Some pretty significant research has been recently published suggesting that 1 out of every 5 children entering kindergarten has mental health challenges. This study, conducted with a sample of over 400 children in the 1990s, accompanies the growing call for prevention and early intervention. Rightly so, as mental health providers agree that the earlier that symptoms are treated, likely the better the prognosis.
Until relatively recently, it was assumed that young children could not be mentally ill. “How can a cute, drooling 10 month old have depression?” But the research is only just beginning to uncover the truth behind little ones’ mental health needs. Children aren’t as innocent and naive as once believed. They experience situations in ways similar to older children and adults. And likely, they have less resources to cope with difficulties because they are emotionally immature, cannot verbalize, etc.
So we hear a statistic like 1 in 5. But what does that mean in the grand scheme of things? Take an average kindergarten class. Say you have 15 children in the class. That’s 3 that likely have mental health issues. 3 seems pretty small. But say you have one thousand children entering kindergarten that year. That will give you two hundred 5-year-olds with mental health issues. The repercussions are astounding. Success in school can be thwarted by these issues; inability to focus on what the teacher is saying, what you’re supposed to being doing with your worksheets, difficulties making and keeping friends, and so on.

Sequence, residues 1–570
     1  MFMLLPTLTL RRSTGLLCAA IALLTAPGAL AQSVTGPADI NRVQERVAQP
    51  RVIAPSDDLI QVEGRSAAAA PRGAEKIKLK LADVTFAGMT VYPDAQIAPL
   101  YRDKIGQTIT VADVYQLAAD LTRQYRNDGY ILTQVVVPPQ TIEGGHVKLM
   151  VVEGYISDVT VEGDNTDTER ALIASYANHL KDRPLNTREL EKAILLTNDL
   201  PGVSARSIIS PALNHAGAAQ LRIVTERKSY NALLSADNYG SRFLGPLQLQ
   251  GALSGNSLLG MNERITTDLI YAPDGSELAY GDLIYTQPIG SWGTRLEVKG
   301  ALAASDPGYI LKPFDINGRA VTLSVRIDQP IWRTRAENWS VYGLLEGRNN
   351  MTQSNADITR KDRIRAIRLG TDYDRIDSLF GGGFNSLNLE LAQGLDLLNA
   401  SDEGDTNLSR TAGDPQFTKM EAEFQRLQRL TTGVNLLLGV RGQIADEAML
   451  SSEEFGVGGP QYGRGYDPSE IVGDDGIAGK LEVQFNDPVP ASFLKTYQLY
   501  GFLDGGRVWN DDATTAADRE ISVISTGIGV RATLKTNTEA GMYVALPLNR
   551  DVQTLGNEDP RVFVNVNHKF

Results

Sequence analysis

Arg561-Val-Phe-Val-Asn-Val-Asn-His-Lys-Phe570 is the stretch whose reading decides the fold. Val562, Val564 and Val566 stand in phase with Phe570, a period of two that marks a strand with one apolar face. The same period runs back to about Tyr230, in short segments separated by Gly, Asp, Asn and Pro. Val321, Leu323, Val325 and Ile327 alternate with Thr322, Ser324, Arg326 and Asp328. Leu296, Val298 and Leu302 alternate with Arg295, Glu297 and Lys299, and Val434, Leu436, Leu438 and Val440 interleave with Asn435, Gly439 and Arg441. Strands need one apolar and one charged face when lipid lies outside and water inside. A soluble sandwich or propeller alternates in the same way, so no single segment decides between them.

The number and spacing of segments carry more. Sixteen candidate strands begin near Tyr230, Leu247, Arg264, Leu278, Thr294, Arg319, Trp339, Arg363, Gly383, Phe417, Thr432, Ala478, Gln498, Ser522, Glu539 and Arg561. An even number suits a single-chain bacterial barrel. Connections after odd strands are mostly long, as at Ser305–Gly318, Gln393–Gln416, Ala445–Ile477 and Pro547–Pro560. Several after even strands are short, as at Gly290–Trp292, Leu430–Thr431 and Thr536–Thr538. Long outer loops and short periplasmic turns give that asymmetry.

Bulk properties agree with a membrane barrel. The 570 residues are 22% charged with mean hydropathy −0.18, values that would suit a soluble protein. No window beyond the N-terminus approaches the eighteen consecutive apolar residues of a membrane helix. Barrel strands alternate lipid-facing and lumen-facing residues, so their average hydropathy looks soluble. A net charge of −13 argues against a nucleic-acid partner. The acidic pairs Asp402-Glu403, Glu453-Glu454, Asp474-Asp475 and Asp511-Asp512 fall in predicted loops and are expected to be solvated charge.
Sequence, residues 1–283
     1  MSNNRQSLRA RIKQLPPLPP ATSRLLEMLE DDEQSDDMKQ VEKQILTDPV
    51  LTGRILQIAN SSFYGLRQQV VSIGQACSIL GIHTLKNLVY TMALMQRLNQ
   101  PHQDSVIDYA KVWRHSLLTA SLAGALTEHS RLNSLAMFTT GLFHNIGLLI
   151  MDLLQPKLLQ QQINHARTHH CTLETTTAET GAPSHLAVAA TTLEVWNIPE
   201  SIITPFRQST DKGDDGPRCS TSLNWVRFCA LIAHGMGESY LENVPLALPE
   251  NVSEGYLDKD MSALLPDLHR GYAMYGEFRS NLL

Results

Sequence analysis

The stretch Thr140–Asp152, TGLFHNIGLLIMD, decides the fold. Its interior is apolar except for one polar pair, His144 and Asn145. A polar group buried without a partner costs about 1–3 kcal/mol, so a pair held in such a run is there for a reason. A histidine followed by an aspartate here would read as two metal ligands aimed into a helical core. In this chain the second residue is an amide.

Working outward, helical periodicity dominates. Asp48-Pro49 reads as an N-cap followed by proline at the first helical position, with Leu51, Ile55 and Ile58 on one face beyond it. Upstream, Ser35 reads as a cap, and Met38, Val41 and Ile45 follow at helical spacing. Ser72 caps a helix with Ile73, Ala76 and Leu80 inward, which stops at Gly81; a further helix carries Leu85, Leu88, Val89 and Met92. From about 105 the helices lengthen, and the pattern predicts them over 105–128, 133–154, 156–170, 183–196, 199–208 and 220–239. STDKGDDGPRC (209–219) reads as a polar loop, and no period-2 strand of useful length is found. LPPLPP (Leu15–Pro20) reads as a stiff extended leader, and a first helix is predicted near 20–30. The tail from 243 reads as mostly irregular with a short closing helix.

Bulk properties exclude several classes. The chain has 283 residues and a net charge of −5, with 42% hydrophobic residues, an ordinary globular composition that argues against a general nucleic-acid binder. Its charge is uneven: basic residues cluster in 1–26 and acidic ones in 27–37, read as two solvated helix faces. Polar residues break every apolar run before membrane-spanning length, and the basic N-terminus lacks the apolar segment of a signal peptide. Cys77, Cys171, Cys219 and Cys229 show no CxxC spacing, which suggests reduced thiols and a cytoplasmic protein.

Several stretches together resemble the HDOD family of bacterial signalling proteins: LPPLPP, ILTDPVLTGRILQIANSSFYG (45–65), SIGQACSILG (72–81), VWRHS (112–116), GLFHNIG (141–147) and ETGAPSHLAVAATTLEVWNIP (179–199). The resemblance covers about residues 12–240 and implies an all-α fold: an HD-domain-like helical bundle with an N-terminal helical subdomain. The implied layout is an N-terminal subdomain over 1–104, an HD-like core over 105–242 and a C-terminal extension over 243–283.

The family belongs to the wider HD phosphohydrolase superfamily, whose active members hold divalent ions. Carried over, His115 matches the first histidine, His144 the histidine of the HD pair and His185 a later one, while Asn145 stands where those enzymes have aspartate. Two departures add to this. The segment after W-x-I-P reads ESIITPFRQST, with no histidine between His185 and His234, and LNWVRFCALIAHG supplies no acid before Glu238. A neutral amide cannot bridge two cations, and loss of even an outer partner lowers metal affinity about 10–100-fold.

The force behind the early intervention movement emphasizes that if these issues aren’t addressed, they likely grow over time, snowballing into bigger problems. The 5-year-old entering kindergarten who is afraid of strangers may not be able to manage their anxiety and this affects how much information they retain. Fast forward to their first required standardized exam and their results will likely reflect all of the information that slid past them because they spent their school day consumed by fear.
What this research suggests is that we must all become aware of the red flags. We need to have an idea of mental health challenges in young children; be it learning difficulties, language delays, behavior problems or mood dysregulation. It is incumbent upon us to know when something isn’t quite right about a kid and seek out assistance to give them a better start in academia. Besides, don’t most of us wish we could go back to those carefree, kindergarten days?